Keeping The Faith In Hollywood!

Keeping The Faith In Hollywood!

Monday, August 31, 2009

When Worlds Collide!

On August 6, 2009, I attended When Worlds Collide: The Science of Movies, an Academy of Motion Pictures event in the Samuel Goldwyn building on Wilshire. The event was sponsored by the Academy's Science and Technology Council and it was hosted by Adam Weiner, a high school physics teacher and author. The event included a panel of stunt and special effects experts as they reviewed clips of their respected movies. Mr. Weiner's goal is to see if what we see happening in the movies can happen in real life (i.e. within the realm of science). This is the approach he takes to get his restless teenage students to pay attention in class and maybe eventually to love science.

He reviewed the science and physics of about 20 movies and he even did physics calculation as the audience laughed or groaned playfully. Here's some of what he discussed.

Action Movies:
(1) Speed: How fast would the bus have to be going to jump over the 50 feet gap in the freeway?
or How does a bomb look when it explodes?

John Frazier, the special effects supervisor explained about the different ramps they used to propel the bus upwards with enough velocity (plus a bit of CGI magic) to make the bus jump look real. He also discussed as well the explosives he used to make the explosions and fires look good on film. Mr. Frazier has also worked on (Twister, Armageddon, Spider-man 1 & 2 (for which he received a Best Oscar), Pirates of the Caribbean: At World's End, Hancock and Transformers, just to name a few. The guy knows his stuff and he was very engaging to listen to. He especially lauded Keanu Reeves for doing a lot of his own stunts in Speed and the audience gave Mr. Reeves a big ovation even though he wasn't present. I wholeheartedly agreed with them as Speed is on the top of my list of all time favorite action flicks.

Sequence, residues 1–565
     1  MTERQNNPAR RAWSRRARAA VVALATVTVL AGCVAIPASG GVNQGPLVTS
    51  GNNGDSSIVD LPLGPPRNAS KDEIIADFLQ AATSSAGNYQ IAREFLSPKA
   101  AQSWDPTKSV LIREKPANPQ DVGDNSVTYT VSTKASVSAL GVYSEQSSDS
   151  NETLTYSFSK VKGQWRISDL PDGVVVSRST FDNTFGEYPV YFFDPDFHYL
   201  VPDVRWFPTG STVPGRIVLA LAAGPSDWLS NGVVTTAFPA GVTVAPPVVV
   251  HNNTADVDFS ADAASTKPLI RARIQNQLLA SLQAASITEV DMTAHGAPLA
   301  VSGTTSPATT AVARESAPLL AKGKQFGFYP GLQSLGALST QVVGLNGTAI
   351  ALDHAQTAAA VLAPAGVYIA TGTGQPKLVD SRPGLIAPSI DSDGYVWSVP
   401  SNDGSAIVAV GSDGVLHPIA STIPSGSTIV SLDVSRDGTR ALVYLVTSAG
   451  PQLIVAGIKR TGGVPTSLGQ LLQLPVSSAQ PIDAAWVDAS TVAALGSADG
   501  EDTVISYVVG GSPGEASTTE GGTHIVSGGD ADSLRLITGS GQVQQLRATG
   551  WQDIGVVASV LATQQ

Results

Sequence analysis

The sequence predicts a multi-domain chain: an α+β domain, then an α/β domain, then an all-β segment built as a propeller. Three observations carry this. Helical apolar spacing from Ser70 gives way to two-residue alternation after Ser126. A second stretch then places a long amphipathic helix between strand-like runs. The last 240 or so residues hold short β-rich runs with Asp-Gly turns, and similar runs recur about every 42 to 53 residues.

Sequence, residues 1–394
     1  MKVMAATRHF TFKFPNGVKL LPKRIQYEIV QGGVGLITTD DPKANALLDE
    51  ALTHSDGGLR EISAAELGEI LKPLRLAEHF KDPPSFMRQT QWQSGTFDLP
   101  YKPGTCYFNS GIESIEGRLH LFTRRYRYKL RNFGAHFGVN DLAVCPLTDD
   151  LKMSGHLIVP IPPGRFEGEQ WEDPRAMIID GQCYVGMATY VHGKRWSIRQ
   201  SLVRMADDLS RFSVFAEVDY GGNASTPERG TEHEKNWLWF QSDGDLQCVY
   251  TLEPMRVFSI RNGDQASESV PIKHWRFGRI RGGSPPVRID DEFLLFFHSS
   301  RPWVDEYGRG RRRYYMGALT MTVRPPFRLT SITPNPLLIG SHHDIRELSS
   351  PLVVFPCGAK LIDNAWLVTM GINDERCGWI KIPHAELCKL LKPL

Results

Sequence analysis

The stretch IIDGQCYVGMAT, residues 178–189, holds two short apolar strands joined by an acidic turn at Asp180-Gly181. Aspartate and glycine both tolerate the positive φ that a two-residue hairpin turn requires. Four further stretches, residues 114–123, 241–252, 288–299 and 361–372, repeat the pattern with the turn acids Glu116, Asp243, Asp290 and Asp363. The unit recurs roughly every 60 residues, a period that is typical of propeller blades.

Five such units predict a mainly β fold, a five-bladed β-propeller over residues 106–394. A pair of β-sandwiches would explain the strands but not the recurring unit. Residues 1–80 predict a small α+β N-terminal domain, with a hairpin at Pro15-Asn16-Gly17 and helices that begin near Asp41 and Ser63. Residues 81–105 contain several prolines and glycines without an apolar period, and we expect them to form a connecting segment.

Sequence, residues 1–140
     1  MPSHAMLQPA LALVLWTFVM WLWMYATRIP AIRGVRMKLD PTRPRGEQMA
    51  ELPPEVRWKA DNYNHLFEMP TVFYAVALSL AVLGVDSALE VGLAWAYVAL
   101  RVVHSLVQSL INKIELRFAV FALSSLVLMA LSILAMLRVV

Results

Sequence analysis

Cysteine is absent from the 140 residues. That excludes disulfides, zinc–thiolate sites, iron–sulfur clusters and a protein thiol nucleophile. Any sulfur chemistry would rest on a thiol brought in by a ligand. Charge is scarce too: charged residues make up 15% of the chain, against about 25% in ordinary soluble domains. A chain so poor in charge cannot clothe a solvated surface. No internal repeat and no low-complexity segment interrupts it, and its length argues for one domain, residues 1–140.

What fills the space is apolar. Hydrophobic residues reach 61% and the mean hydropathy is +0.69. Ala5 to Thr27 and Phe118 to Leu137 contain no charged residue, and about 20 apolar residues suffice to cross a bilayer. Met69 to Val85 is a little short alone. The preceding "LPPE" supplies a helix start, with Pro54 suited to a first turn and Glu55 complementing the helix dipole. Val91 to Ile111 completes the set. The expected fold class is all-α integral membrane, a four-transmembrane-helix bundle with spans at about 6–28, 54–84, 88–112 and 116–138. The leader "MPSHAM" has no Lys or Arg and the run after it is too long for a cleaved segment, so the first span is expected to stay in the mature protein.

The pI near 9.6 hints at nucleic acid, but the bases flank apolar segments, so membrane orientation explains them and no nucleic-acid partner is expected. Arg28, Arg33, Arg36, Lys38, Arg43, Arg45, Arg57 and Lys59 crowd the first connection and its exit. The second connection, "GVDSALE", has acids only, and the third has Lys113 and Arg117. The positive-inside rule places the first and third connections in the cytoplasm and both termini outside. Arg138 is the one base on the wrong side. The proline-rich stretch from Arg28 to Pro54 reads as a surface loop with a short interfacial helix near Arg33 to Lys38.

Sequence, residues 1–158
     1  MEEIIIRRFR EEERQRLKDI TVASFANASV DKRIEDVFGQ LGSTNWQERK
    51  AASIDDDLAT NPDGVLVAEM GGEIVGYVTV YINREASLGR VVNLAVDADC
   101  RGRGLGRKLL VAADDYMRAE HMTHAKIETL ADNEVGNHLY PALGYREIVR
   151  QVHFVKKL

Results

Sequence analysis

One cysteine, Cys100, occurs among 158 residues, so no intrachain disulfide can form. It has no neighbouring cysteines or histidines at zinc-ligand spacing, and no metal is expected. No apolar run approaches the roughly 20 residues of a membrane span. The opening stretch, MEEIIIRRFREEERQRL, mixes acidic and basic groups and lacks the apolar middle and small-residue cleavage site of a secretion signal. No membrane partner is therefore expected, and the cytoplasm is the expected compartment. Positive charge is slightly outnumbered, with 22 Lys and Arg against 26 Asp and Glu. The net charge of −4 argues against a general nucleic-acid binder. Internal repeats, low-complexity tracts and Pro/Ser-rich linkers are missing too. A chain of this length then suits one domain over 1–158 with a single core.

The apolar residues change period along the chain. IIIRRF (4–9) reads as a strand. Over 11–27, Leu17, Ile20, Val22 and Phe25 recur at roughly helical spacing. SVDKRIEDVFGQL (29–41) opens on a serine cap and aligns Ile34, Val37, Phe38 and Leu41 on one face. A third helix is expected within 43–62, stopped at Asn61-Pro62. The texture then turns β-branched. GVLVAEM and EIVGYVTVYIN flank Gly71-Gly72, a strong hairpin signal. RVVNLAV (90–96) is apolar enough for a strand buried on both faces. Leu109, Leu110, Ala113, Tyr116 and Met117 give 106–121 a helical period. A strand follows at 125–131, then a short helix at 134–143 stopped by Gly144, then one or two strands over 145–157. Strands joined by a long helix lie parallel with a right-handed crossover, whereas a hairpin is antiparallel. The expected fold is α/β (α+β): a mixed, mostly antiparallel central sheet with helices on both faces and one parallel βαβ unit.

(2) Can motorcyclist in XXX do a vertical jump of 20 feet from a standing start?

John Frazier regaled us with a story of how a helicopter and a stunt motorcyclist collided in the air by accident after a miscue during a practice jump on the set of this movie. He said that the helicopter blades were chopping against the stunt man's helmet and the helicopter couldn't maneuver away from him. Gravity kicked in and the cycle plunged back to the ground but the guy never knew what hit him! They thought that he was a goner but thankfully, the stunt man lived to tell about it. After the event was over, I spoke to Mr. Frazier about on film set health and safety issues from a medical stand point. He re-assured me that they do their best to be very careful and that the stunt and effects crew are professionals but I know that they must also pray a whole lot.

Super-hero Movies:
(3) In Spider-man: Can Spidey's weight really be supported by a thin spidery web? Did they depict the Sandman's shape-shifting sand grain body well?
(4) Could the cable wire from Batman's motorcycle in Dark Knight really flip an 8 ton wheel semi truck?
(5) Iron Man: Could Iron Man really fly in a heavy armour suit and how much fuel would he need to carry with him to accomplish this?